Usually, Wålemark did not run into space when his right-back had the ball but if the attack came from the other side, he would run into the gap between the left centre-back and left-back, as his starting position was usually on the inside. This was how he scored against Degerfors. In a short distance, he still had the pace to beat the defender(s) since his timing to start the run was often earlier than the defenders.
If you see the shots map, the strength and goal threat of the player was very notable. Wålemark, as a wrong-footed player on the right side, has good quality to find the net on the right side. He had several curling efforts that ultimately hit the back of the net this season, and that “assist zone” in the right side of the penalty box was his preferred area to pull the trigger. He shoots in this region much more often than in the centre, and he mainly scored goals in the box instead of outside the box.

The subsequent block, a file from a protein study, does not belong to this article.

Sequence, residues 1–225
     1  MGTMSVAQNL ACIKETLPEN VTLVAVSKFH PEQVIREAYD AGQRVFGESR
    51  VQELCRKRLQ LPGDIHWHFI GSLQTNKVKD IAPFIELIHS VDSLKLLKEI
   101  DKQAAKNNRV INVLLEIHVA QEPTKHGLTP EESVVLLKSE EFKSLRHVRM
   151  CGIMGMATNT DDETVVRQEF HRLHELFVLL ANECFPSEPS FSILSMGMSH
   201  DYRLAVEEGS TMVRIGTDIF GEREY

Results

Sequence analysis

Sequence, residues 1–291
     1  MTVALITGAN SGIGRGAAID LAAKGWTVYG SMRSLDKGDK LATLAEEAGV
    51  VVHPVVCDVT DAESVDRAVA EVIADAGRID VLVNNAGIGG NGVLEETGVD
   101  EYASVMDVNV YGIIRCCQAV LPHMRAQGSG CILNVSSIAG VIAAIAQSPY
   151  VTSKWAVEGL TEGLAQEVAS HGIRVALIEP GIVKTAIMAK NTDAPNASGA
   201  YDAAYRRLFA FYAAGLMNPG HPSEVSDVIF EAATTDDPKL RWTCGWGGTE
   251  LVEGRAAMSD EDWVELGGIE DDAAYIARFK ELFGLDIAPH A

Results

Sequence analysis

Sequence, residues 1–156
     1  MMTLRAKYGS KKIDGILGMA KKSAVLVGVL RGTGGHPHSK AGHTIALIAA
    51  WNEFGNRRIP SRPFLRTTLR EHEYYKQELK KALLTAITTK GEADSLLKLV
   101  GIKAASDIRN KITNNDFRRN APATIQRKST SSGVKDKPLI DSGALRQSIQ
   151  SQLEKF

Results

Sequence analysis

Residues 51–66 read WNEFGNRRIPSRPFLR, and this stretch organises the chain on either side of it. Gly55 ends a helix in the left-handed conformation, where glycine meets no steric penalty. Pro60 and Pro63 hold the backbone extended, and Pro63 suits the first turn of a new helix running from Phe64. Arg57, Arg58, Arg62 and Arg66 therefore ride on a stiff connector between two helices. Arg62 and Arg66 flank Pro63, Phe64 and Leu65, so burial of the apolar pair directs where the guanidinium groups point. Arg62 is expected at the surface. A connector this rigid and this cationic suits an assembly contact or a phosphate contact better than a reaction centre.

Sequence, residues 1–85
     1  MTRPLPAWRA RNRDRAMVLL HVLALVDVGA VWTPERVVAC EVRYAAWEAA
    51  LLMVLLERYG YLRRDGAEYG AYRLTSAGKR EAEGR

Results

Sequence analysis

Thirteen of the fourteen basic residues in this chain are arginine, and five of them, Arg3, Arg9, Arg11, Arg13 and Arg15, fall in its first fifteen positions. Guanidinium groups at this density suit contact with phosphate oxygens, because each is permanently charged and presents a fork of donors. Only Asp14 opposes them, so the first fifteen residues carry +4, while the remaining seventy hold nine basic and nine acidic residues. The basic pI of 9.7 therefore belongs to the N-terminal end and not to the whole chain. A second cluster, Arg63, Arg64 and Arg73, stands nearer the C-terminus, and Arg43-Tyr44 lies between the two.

This goal against Norrköping was a fusion of his individual dribbling and shooting skills. It came from a good change of direction after driving the ball towards the opponent who lost his balance when engaging Wålemark at a higher speed. Then, he had the angle for a curler and that went behind the net perfectly.
Rooms for improvement against the ball
Defensively, Häcken were not a very intense pressing team in Allsvenskan, but regardless of how his team played without possession, this is an area in which Wålemark must improve if he wants to push himself to another level.
Wålemark’s defending was lacking intensity severely this season; he could not lead the press for the team yet as he mainly used his positioning to cut-off passing lanes. That’s also a reason why he didn’t have too many contacts with the opposition. Another reason for that was Høgmo preferred his best attacker to preserve energy in the attack too.